Hulk #2 Review: Simply Out Of This World

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It was quite a debut for Marvel’s new Hulk series, as Hulk #1 delivered a massive shake-up to the status quo and a bold new course for the big green powerhouse, and somehow Hulk #2 already topped that impressive insanity. Writer Donny Cates continues to sow more seeds of internal conflict in Banner’s psyche as he battles Hulk and even at times Betty Ross, while artist Ryan Ottley and colorist Frank Martin deliver dazzling visuals and sequences you absolutely won’t see coming. Clearly, the team is not satisfied with the chaos so far, and Hulk #2 shows that there is no ceiling on where this series can go.

Hulk keeps things pushing forward at breakneck speed in issue #2, not even bothering to look back at the Avengers or other people he’s already smashed through. That’s a major reason the issue holds such an aura of excitement and mystery, as every time you expect it to bring things back to what is known it goes in the complete opposite direction – leaning into fresh ideas and possibilities. Granted, we are sure they will be back in the mix at some point, but right now it’s refreshing that the series isn’t revolving around them.

Cates doesn’t forget to lean into the fun of everything either, as Cates, Ottley, and Martin will have you losing your mind at some of the scenarios that keep the Hulk Engine going. The move to Level 2 was pretty stellar on its own, but Level 3 is going to send Marvel fans into an absolute tizzy. It’s perfect on pretty much every level, and not even remotely kidding, and this is far from the only stunner in the issue.

Ottley impressed during his run on Amazing Spider-Man and will always be loved for his work on Invincible, but it feels like he’s truly found his marquee character in Hulk. It’s a match made in heaven, and every punch feels as if it’s landing with the force of a missile. When the Hulk turns up the level on the brutality, it lands with impact, and that goes for that Level 3 battle tenfold.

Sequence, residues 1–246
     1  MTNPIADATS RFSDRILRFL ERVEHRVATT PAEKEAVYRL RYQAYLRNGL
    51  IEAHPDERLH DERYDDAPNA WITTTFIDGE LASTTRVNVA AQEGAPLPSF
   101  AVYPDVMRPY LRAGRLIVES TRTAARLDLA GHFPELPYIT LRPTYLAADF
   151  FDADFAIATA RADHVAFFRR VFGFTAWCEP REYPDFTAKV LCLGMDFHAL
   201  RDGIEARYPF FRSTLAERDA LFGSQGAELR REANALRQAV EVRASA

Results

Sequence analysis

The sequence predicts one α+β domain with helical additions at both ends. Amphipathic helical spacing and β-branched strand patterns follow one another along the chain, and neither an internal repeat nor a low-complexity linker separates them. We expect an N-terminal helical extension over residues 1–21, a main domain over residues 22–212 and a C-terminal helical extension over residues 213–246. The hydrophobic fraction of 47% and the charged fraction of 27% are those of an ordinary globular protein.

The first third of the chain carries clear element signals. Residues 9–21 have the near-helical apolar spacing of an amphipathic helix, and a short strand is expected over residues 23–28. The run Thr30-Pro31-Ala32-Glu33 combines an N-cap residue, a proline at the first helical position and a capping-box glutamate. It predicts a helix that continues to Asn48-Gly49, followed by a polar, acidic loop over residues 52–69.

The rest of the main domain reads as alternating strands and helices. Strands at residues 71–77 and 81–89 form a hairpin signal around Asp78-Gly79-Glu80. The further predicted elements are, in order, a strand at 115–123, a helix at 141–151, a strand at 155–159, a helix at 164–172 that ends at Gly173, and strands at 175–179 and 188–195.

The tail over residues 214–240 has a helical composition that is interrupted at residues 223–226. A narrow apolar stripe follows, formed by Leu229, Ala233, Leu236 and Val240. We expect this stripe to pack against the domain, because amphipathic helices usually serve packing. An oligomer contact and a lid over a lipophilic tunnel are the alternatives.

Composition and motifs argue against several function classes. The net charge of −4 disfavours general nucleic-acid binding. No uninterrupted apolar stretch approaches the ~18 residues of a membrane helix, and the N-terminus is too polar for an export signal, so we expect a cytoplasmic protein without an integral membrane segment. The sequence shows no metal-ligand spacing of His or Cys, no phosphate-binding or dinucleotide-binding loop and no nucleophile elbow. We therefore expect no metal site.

Now, the book isn’t all about larger-than-life battles (though they do rule), as we also see not just the anger and arrogance of Banner but also a look at the growing fear. While he’s ultimately confident about his abilities and his latest creation, he can’t control everything, and you get just enough of a glimpse at that realization as the issue winds down.

That is, until the book throws a massive twist in your direction, setting up a third chapter that will only take us further away from the heroes Banner left behind while also presenting a perfect opportunity to get even more insight into what makes this current version of Banner tick and perhaps further towards the mystery of how things got this way in the first place.

I can’t praise this new era of Hulk comics enough frankly, and Hulk #2 has only built upon the immense setup in the book’s debut while also opening up a bevy of new possibilities for the series moving forward. So far Hulk is compelling, gorgeous, and completely fresh, and it embraces the fun of comic-style storytelling without losing the depth that recent Hulk stories have given to fans. It’s a splendid mix that will appeal to both longtime fans and those new to the character, and I can’t recommend it enough.

Published by Marvel Comics

On December 15, 2021

Written by Donny Cates

Art by Ryan Ottley and Cliff Rathburn

Colors by Frank Martin

Letters by Cory Petit

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Cover by Ryan Ottley and Frank Martin

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